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Q. Who is Mr. Smarty Plants?

A: There are those who suspect Wildflower Center volunteers are the culpable and capable culprits. Yet, others think staff members play some, albeit small, role. You can torture us with your plant questions, but we will never reveal the Green Guru's secret identity.

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Ask Mr. Smarty Plants is a free service provided by the staff and volunteers at the Lady Bird Johnson Wildflower Center.

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Please forgive us, but Mr. Smarty Plants has been overwhelmed by a flood of mail and must take a break for awhile to catch up. We hope to be accepting new questions again soon. Thank you!

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Saturday - January 31, 2015

From: RICEVILLE, TN
Region: Southeast
Topic: Pollinators, Wildlife Gardens, Trees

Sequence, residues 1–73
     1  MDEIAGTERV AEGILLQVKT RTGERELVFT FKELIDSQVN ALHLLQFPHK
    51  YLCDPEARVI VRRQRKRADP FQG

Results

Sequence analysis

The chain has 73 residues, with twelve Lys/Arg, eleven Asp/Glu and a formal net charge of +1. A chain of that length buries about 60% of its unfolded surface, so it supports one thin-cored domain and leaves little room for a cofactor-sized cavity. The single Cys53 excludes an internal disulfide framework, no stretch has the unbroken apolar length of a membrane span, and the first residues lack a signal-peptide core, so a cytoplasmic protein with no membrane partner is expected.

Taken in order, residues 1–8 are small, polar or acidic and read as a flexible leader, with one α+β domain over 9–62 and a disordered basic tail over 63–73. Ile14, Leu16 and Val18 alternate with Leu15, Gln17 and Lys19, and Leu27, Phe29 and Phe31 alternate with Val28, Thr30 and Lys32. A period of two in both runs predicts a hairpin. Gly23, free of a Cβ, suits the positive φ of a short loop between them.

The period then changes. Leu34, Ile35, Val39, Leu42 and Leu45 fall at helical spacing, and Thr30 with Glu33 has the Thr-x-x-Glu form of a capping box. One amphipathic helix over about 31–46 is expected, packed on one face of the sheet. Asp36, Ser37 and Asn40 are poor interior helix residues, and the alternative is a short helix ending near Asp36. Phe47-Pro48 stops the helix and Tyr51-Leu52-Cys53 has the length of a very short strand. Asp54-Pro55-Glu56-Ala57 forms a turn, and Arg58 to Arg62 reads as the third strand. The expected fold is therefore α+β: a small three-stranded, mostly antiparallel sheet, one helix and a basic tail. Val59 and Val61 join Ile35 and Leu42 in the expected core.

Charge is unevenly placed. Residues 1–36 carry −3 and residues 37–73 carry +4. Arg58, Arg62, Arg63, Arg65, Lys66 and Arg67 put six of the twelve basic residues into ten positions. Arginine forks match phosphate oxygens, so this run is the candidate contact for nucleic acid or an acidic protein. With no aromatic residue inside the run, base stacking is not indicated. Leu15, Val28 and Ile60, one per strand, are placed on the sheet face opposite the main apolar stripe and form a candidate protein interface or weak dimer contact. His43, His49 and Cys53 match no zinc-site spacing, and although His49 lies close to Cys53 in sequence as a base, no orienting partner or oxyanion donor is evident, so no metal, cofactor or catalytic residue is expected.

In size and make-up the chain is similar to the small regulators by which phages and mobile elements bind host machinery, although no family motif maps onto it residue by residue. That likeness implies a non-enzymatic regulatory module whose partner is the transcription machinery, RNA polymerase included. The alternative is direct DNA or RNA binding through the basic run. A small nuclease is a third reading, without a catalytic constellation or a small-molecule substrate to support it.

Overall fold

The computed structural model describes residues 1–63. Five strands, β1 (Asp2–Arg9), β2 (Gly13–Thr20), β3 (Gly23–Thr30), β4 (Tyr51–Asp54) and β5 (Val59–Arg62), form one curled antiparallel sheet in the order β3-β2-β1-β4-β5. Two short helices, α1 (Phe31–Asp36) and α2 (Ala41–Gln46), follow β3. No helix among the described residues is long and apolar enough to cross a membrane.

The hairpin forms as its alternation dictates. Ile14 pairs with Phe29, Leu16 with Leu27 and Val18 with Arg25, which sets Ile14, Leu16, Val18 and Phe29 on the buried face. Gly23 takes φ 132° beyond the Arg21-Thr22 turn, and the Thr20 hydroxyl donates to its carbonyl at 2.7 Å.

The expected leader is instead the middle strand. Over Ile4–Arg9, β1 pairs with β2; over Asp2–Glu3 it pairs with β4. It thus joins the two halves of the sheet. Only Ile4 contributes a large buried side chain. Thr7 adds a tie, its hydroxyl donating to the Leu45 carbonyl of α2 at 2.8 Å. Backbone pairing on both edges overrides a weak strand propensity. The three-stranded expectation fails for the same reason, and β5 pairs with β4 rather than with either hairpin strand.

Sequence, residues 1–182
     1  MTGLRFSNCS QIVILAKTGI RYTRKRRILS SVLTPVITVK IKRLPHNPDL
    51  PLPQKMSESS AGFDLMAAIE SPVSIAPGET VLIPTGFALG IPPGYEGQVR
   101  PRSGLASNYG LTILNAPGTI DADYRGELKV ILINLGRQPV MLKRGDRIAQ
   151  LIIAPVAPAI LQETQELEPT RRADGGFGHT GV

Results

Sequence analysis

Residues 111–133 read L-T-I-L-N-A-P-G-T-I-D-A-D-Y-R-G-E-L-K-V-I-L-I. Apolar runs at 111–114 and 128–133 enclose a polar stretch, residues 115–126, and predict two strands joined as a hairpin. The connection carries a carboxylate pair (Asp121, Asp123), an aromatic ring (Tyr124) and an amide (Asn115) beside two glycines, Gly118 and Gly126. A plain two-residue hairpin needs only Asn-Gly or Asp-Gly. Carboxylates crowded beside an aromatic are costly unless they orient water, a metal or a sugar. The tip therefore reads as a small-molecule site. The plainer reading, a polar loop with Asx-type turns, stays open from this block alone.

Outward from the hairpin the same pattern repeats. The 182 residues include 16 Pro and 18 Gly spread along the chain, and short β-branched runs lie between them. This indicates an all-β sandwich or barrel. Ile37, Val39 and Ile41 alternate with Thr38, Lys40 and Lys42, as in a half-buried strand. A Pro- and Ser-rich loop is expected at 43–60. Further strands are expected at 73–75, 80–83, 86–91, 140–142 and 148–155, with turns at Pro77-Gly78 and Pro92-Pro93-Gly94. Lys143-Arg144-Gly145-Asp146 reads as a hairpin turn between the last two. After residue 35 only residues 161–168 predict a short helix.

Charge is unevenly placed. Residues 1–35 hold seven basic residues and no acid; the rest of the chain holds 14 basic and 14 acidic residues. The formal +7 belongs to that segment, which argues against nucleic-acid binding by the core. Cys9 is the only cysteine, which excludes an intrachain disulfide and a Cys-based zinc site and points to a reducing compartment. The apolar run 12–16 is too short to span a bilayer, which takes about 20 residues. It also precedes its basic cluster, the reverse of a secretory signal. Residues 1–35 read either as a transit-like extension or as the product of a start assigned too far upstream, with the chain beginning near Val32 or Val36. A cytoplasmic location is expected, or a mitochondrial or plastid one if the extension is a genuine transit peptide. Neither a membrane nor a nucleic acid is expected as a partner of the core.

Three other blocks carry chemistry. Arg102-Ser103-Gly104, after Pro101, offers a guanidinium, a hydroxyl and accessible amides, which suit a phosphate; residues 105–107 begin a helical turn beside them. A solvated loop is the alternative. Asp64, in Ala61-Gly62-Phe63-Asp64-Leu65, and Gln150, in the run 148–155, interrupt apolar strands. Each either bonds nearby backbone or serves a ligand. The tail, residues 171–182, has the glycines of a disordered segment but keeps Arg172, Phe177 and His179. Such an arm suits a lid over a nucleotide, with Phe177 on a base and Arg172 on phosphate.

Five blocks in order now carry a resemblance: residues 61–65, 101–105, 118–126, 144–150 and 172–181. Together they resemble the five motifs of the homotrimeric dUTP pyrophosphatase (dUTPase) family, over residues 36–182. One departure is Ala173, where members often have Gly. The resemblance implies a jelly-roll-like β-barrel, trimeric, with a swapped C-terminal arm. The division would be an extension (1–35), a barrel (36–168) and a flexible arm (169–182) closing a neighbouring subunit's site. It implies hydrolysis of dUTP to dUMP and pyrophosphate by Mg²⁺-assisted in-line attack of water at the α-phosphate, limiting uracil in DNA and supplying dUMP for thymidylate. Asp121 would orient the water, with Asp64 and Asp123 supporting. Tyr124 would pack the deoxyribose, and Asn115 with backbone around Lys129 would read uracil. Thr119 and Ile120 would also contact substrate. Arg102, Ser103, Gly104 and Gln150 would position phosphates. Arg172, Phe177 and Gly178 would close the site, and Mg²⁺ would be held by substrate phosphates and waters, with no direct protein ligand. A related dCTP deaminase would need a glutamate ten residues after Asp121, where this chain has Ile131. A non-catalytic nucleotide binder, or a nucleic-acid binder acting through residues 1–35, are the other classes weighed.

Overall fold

Title: Is Magnolia virginiana (Sweetbay) a major nectar source for honeybees?
Answered by: Nan Hampton

QUESTION:

Is the Sweetbay Magnolia a major nectar source for honeybees?

ANSWER:

The Magnolia virginiana (Sweetbay) doesn't appear on our list of Special Value to Honey Bees, Special Value to Native Bees or Special Value to Bumble Bees from the Pollinator Program at The Xerces Society for Invertebrate Conservation.  Indeed, on the species page under "Benefits" its Wildlife Use is listed as very low.   Its nectar is listed as taken by moths and beetles.  That doesn't mean that honey bees don't visit it, but it doesn't appear to be a major nectar source for honeybees—or any bees for that matter.   If you are looking for a tree that will be a major source for honeybees, visit our page for Special Value to Honey Bees and use the NARROW YOUR SEARCH option in the left sidebar and select "Tennessee" from the Select State or Province slot and "Tree" from General Appearance slot.  You will find a list of 46 trees that grow in Tennessee that are major nectar sources for honeybees.

 

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